Sept. 15, 2009 | UAMS orthopaedic researcher Larry Suva was praised during his recent investiture for his work, his passion for science and his commitment to education and mentoring. But his colleagues and friends also associated another word with him: fun.
His sense of humor has created lifelong friendships, they said, and even fostered research collaborations.
Suva, Ph.D., a professor in the departments of Orthopaedic Surgery and Physiology and Biophysics in the UAMS College of Medicine, became the inaugural holder of the Carl L. Nelson Chair in Orthopaedic Creativity during the ceremony. The new chair honors the memory of Nelson, M.D., who served as chairman of the UAMS Department of Orthopaedic Surgery from 1974 until his death in 2005.
Nelson recruited Suva to UAMS in 2000 to help him establish the Center for Orthopaedic Research, which Suva directs. The Center for Orthopaedic Research was built on Nelson’s vision to cultivate multi-disciplinary research into orthopaedic disorders among basic scientists, orthopaedic surgeons, clinical researchers and students.
“Larry makes connections,” said former colleague Michael Rosenblatt, M.D., dean of the Tufts University School of Medicine in Boston. “He makes connections across ideas, across different areas of sciences and he makes connections with people.”
Through his career, those connections have led to new areas of research in treating the skeletal consequences of disease. His research has included work on the world’s first osteoporosis treatment while performing postdoctoral research with the husband and wife team of Sevgi Rodan, Ph.D., and her late husband Gideon Rodan, M.D., Ph.D.
“Larry is a versatile, creative and critical scientist,” Sevgi Rodan said, recalling Suva’s colorful personality, “utter enthusiasm for science,” loyal friendship, sense of humor and sense of caring for every member of the lab.
Rosenblatt, a colleague in the Rodans’ lab, later recruited Suva to join him on the faculty at Harvard University. Rosenblatt hailed Suva’s work as a leader in introducing concepts of recombinant DNA and molecular biology to the field of bone biology.
Though Suva has more than 20 years of internationally recognized orthopaedics research with numerous journal publications and five patents, the investiture speakers focused more on the “big affable scientist from Australia.” No matter the topic, “laughter always found its way into the conversation” with Suva, said Debbie Walker, a UAMS Foundation Fund board member and longtime UAMS supporter.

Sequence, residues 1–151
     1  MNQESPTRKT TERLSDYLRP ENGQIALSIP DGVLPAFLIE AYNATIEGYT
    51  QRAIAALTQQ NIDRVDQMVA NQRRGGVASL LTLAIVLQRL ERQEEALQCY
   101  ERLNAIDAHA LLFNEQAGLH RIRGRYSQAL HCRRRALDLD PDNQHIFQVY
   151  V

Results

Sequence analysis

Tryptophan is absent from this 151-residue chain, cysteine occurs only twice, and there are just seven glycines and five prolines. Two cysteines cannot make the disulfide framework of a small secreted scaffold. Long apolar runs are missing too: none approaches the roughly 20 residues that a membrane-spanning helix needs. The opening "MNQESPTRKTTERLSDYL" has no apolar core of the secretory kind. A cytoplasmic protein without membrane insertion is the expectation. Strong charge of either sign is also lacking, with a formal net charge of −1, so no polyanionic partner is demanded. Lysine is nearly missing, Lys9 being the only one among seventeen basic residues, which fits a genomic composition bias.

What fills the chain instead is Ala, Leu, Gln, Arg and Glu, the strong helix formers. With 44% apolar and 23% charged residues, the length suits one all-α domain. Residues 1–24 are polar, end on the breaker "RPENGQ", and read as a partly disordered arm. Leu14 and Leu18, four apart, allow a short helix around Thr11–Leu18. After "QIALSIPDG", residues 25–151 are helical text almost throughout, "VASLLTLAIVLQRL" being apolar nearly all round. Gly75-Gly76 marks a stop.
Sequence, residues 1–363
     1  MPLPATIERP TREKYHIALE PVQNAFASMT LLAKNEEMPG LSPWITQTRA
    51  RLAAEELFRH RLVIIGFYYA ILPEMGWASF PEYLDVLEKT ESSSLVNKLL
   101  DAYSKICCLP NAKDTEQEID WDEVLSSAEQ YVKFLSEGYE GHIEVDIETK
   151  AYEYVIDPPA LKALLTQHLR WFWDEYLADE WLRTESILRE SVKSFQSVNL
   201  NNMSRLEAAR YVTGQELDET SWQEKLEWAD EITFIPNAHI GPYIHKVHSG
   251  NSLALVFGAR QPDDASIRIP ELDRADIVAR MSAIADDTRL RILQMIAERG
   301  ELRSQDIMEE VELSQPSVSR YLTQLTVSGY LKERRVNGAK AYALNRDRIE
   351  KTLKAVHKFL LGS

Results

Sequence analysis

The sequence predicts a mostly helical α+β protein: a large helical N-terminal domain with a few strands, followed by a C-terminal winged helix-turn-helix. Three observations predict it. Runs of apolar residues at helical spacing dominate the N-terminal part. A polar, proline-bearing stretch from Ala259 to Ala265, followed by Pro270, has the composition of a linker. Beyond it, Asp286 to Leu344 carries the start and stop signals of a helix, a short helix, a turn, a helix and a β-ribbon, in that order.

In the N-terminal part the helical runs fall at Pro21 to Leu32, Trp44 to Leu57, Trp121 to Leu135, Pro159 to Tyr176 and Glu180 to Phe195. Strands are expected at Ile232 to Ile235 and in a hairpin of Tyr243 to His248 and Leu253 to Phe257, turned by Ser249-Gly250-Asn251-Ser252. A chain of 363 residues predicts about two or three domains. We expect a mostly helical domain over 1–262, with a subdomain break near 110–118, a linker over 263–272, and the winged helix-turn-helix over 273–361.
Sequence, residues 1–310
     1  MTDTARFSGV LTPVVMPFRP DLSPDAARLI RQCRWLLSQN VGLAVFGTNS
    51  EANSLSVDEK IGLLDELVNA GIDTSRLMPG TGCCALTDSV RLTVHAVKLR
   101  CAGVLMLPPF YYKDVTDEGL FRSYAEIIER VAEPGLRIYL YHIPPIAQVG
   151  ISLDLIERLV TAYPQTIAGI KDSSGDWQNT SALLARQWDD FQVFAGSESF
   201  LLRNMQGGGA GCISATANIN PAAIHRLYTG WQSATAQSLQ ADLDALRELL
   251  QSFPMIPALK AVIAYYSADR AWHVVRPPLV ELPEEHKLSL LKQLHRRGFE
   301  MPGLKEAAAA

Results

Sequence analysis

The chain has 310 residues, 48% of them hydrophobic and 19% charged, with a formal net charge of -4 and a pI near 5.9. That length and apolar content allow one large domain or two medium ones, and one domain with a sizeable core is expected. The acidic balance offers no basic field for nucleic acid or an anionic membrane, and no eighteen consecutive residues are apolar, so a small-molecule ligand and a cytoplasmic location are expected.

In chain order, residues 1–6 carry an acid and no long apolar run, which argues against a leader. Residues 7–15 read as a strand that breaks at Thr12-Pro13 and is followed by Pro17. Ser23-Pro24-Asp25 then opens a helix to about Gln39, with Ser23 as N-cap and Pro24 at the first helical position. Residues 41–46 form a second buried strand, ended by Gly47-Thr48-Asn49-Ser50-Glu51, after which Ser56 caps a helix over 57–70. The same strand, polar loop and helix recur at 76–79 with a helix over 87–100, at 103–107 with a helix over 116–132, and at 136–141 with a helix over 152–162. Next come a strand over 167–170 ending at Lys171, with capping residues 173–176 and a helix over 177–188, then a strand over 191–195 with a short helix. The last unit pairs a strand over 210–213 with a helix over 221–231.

Walker recalled first meeting Suva while Nelson gave her a guided tour of the Department of Orthopaedics. She said the camaraderie and admiration between Suva and Nelson was apparent.
When her young son expressed an interest in science, it was Suva who hosted him and a friend in his lab. That trip has grown into a regular event for middle school students from the New School in Fayetteville.
“They can see his love of the work and perhaps nurture a love of learning,” said Walker, who added that among the many friendships borne out of the Walkers’ support of UAMS, “no friendship is more heartfelt than the one with Larry Suva.”
Richard Nicholas, M.D., chairman of the Department of Orthopaedic Surgery in the UAMS College of Medicine, said when Suva walks across the UAMS campus, many will greet him and ask about his work due to his friendliness and outgoing personality. It’s these encounters that can lead to new research collaborations, he said.
More recently, Nicholas said, in collaboration with V. Suzanne Klimberg, M.D., director of the UAMS Breast Cancer Program, Suva has been responsible for development of a potential breast cancer screening tool involving patient tears.
The chair for orthopaedic creativity honoring Nelson is fitting, Nicholas said, because of the late surgeon’s penchant for creatively solving problems and his belief in the importance of research.
For example, Nelson worked to develop techniques for bloodless surgery before it became widely recommended that transfusions not be used due to the threat of spreading disease, Nicholas said.
“He was very creative. He tried to find solutions,” Nicholas said of Nelson.
Suva, sporting stylish frames on his glasses and his trademark earring, said he thought Nelson would be pleased and honored that a chair was created to promote creativity in orthopaedic research.
“This endowment ensures that the Center for Orthopaedic Research is in a wonderful position to continue its work,” said Suva, praising the center’s staff. “Every day we come to work in our lab is fun.”